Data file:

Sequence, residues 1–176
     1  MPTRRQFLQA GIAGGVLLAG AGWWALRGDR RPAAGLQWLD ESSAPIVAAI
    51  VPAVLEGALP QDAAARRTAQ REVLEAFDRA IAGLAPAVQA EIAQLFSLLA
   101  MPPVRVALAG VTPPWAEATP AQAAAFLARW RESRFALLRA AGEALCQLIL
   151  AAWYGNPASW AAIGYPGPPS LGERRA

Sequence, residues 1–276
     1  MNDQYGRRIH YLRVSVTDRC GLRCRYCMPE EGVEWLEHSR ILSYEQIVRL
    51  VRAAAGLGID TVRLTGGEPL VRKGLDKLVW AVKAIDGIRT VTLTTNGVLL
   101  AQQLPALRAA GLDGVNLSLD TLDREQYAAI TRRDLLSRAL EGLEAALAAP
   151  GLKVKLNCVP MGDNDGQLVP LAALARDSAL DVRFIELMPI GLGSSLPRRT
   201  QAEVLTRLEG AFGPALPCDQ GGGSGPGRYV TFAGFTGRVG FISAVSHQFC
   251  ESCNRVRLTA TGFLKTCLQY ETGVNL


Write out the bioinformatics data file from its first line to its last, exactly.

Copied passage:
Sequence, residues 1–176
     1  MPTRRQFLQA GIAGGVLLAG AGWWALRGDR RPAAGLQWLD ESSAPIVAAI
    51  VPAVLEGALP QDAAARRTAQ REVLEAFDRA IAGLAPAVQA EIAQLFSLLA
   101  MPPVRVALAG VTPPWAEATP AQAAAFLARW RESRFALLRA AGEALCQLIL
   151  AAWYGNPASW AAIGYPGPPS LGERRA

Sequence, residues 1–276
     1  MNDQYGRRIH YLRVSVTDRC GLRCRYCMPE EGVEWLEHSR ILSYEQIVRL
    51  VRAAAGLGID TVRLTGGEPL VRKGLDKLVW AVKAIDGIRT VTLTTNGVLL
   101  AQQLPALRAA GLDGVNLSLD TLDREQYAAI TRRDLLSRAL EGLEAALAAP
   151  GLKVKLNCVP MGDNDGQLVP LAALARDSAL DVRFIELMPI GLGSSLPRRT
   201  QAEVLTRLEG AFGPALPCDQ GGGSGPGRYV TFAGFTGRVG FISAVSHQFC
   251  ESCNRVRLTA TGFLKTCLQY ETGVNL